extension to the original PyChecker. In addition to looking for
coding errors, Pylint will check your code against a style guide,
verify that your interfaces are actually implemented, and a whole
series of other common problems. Think of it as an automatic


I only had space this month for a quick overview of the many testing
tools available for use with Python. I encourage you to check out
pycheesecake.org’s excellent taxonomy page for more a complete list
(see Related Links). Most of the tools described here are just an
easy_install away, so download a few and start working on your own
code quality today.

As always, if there is something you would like for me to cover in
this column, send a note with the details to doug dot hellmann at
pythonmagazine dot com and let me know, or add the link to your
del.icio.us account with the tag pymagdifferent. I’m particularly
interested in hearing from you about the tools you consider essential
for developing with Python. Anything from your favorite editor or IDE
to that obscure module you find yourself using over and over –
anything you just can’t seem to live without. I’ll be sharing links
and tips for development tools over the course of the next several
issues as I continue this series.

Originally published in Python Magazine Volume 2 Issue 1 , January, 2008

Python Magazine “wish list” updated

Brian has posted our current wish list over on his blog. I won’t
reproduce the entire thing here, so but please go look over the list and
see if there is a topic you know something about.

We realize that not everyone who is interested in writing is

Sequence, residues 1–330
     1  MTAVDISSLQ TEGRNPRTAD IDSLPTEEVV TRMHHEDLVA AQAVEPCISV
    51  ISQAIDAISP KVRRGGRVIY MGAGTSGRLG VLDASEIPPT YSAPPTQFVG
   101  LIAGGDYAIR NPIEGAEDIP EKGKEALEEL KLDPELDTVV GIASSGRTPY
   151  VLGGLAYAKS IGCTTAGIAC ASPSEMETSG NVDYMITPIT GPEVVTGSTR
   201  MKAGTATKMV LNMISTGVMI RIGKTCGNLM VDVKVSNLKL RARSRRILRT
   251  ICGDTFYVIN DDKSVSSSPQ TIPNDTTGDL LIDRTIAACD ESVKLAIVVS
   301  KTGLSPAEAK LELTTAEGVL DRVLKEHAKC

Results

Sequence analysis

necessarily an established writer. We will provide help and advice if
you’re a new author and not familiar with writing for a magazine. I’ve
been programming professionally for 11-12 years now, but I’m still
fairly new to publishing, so I know that that first article can be the
hardest. But you won’t gain the experience if you don’t start
somewhere. Brian refutes other reasons people don’t like to write
over here. Let me add to his arguments that it might just turn out to
be a lot easier than you think.

As Brian points out in his wish-list post, there are quite a few big
projects out there our readers are interested in hearing from but that
haven’t contributed articles, yet. If you’re a project maintainer who
has no time to write, that’s OK! Consider encouraging someone else from
your user or developer community to write an article about the project
instead. If you find yourself using a particular package or tool
frequently, but don’t contribute directly to that project, that’s not a
problem. There no requirement that articles have to come from the
original developer of a package. It’s always good to have contributions
from different perspectives.

The submission process is very easy and low pressure (ask any of our
published authors). Neither Brian nor I want to make things harder than
they have to be, so we don’t. And just in case it isn’t clear: we will
pay you for your effort
if you write an article. So check out the
and consider picking up a little extra cash after the holidays by
writing for us.

[Updated with link to Brian’s “Why you should write” post.]

Python Magazine for December available for download now

The December issue of Python Magazine went live this morning. If